Data is everywhere!
Take a look at the data that is being produced throughout the world every day and the sources of the explosion of big data...
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Data Visualization is driven by data. Its form is often derived from optimizing the efficiency of inputting data (and information about that data) into a human brain. It is a very pragmatic practice, built around numbers and logic.
And yet it is beautiful. It evokes emotions. It can be aesthetically pleasing, or hideous. It communicates complex concepts and provokes thought. It is consumed for enjoyment. Some visualizations even share similarities with poetry.
There are several stages in the life cycle of data visualizations, and while the core of the practice is driven by rational thinking, any number of stages in the process have opportunities for subjective decisions or artistic interpretations...
Lauren Moss's insight:
An overview of the creative and artistic processes involved in data visualization...
The 2012 Olympics are ramping up in England, and so are the visualizations of all the data related to the games.
The Ancient Olympic Games started in 776 BC in ancient Greece. After being abandoned in 394 AD, they were reincarnated in the modern form we know in 1894. The tradition continues today, and hopefully will continue for as long as humanity exists. They are a wonderful celebration of human physical capability and achievement, with new records set without fail.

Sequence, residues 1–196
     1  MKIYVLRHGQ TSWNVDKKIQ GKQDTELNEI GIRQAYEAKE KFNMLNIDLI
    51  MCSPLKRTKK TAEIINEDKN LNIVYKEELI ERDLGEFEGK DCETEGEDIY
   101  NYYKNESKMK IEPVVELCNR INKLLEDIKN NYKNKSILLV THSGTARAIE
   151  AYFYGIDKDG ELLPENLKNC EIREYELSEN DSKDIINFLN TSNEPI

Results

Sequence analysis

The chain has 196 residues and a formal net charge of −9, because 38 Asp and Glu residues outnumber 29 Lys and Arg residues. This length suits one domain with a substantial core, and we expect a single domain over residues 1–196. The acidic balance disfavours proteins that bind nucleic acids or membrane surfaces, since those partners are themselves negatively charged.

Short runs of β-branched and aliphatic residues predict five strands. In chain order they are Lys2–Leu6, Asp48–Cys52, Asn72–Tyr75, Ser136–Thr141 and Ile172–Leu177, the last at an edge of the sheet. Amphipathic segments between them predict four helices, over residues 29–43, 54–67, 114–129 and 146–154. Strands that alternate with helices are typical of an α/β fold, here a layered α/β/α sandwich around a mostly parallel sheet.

In anticipation of this year’s games, here’s a list of 14 infographics about the Olympics and their impact on this year’s host city, London...
Have you ever wondered how today’s beautiful visualizations are created? If you Google ‘process of creating a data visualization’, you’d be hard-pressed to find a good resource that describes it. And maybe the reason is that there is no such process — not a formal one, anyway.
Despite not having a required set of steps, here are three stages that the visualization creation proces goes through...